CROSS REFERENCE TO RELATED APPLICATIONS
- STATEMENT REGARDING FEDERALLY SPONSORED RESEARCH OR DEVELOPMENT
- BACKGROUND OF THE INVENTION
This invention relates to sensors for monitoring the position of a door or the like; and, more particularly, to a tandem sensor for use in such monitoring and which cannot be readily defeated.
In security systems for monitoring a premises, a sensor is often used with a door or window to provide an indication when the door, for example, is open when it shouldn't be. One type of sensor used for this purpose utilizes a reed switch. As shown in FIG. 1A, a door D is monitored by a sensor S comprised of a first element E1 attached to the door and moving with the door as it opens and closes, and a second element E2 which is permanently affixed to a door frame or jamb F. In FIG. 1B, element E1 is shown to include a magnet M1 which is installed in a housing mounted on the door. Element E2 is shown to include both a magnet M2 and a reed switch RS both of which are installed in a housing mounted to the frame. When the sensor is installed, the elements E1 and E2 are positioned relative to each other so when door D is closed, the magnetic fields produced by magnets M1 and M2 cancel each other out at the location of reed switch RS and switch RS is in a null field. In this position, switch RS is deactivated as shown in FIG. 1B. When door D is opened, element E1 moves relative to element E2 and the magnitude of the magnetic fields to which switch RS is subjected change. Now, the switch is no longer in a null field, but rather, the net magnetic field to which it is subjected will cause the switch to activate. If an alarm system in which the sensor is incorporated is activated, this action will cause the system to go into alarm.
- SUMMARY OF THE INVENTION
While this sensor configuration is commonly in use, it is possible, although extremely difficult, to defeat the sensor. Referring again to FIG. 1B, assuming door D opens in the direction of the arrow, if a third magnet M3 is introduced and if this third magnet is appropriately positioned as the door opens, the net magnetic field to which switch RS is subjected will remain essentially the same as that when the door is closed; i.e., a null field. In a null field, the reed switch will not activate, and the system will not go into alarm, even though door D is opened. Accordingly, the security of the premises can be breached and no one will know it while it is happening.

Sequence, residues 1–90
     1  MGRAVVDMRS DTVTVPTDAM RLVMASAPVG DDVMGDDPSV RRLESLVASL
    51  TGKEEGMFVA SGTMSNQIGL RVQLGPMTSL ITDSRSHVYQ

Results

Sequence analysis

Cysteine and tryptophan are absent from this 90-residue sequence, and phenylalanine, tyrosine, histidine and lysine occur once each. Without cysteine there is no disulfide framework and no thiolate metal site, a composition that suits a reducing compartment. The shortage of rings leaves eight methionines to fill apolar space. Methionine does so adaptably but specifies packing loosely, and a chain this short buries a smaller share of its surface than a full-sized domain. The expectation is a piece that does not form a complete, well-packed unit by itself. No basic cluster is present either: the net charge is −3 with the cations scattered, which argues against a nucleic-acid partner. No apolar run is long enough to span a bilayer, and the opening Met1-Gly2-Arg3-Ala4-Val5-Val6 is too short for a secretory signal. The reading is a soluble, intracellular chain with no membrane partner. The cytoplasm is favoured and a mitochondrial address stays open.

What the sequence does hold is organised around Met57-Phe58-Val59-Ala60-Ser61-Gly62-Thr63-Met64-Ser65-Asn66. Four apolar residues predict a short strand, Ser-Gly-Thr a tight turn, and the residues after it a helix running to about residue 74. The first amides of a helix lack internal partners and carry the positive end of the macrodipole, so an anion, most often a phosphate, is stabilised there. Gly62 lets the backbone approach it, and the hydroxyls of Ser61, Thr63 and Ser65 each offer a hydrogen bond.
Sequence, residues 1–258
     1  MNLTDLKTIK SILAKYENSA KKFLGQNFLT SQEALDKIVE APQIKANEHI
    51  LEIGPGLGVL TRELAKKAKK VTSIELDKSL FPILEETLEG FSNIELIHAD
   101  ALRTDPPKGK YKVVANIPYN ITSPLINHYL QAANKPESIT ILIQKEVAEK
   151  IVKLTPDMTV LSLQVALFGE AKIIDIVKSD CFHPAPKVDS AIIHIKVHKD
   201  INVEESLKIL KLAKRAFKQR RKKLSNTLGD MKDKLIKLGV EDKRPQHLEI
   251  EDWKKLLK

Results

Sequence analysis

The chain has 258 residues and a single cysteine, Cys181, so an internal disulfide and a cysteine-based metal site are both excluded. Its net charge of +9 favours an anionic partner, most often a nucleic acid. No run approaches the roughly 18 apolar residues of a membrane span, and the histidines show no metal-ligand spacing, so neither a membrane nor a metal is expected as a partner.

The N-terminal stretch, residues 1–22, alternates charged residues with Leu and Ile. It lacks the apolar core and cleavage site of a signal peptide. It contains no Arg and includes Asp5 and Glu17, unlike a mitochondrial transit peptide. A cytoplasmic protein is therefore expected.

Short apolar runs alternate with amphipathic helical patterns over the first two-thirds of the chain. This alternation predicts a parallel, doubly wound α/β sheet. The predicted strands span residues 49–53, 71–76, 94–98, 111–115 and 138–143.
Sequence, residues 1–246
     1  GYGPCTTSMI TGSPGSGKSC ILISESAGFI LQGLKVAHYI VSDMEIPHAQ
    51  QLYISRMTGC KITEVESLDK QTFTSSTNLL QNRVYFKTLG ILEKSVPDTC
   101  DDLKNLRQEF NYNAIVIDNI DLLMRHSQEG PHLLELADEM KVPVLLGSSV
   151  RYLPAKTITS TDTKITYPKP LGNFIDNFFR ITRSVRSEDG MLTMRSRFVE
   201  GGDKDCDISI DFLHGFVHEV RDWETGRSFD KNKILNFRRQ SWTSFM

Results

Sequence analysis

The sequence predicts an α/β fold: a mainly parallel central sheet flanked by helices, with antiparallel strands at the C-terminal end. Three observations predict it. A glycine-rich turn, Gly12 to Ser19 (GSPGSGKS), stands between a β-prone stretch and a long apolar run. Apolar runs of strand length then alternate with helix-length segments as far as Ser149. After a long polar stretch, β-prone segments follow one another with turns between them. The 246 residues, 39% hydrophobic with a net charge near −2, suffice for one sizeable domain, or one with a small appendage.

The invention, briefly stated, is directed to a sensor for use in an alarm system and which cannot be readily defeated by someone trying to breach a premises where the security system is installed. The sensor comprises a pair of reed switches mounted in the same housing and positioned in tandem with respect to an object (door, window, etc.,) being monitored by the sensor. Biasing magnets are installed in the housing with the reed switches. The housing in which the reed switches and biasing magnets are installed is mounted to a fixed position relative to the object. A second, or force producing magnet is installed in a separate housing which is mounted on the movable portion of the object. The positions of the reed switches, the biasing magnets, and the second magnet are adjustable so that respective reed switches are each subjected to a null field or force when the object is in a predetermined position; e.g., the door or window is closed. When the object moves, because the reed switches are in a tandem relationship with respect to the object, movement of the object is substantially toward one of the reed switches and substantially away from the other reed switch, and movement of the object more than the predetermined distance results in the force sensed by one of the reed switches increasing and the force sensed by the other reed switch decreasing. Either change in sensed force causes the alarm system to go into alarm.
Now, when someone tries to defeat the system using an additional magnet or magnets which are moved in conjunction with movement of the object, because the reed switches are arranged in tandem with respect to movement of the object, the resultant magnet fields to which at least one of the reed switches is subjected no longer is a null and the reed switch will activate, placing the system into alarm.
BRIEF DESCRIPTION OF THE DRAWINGS
Other objects will be in part apparent and in part pointed out hereinafter.
FIGS. 1A and 1B are representations of a prior art reed switch sensor for a door or window or the like and how the sensor can be defeated;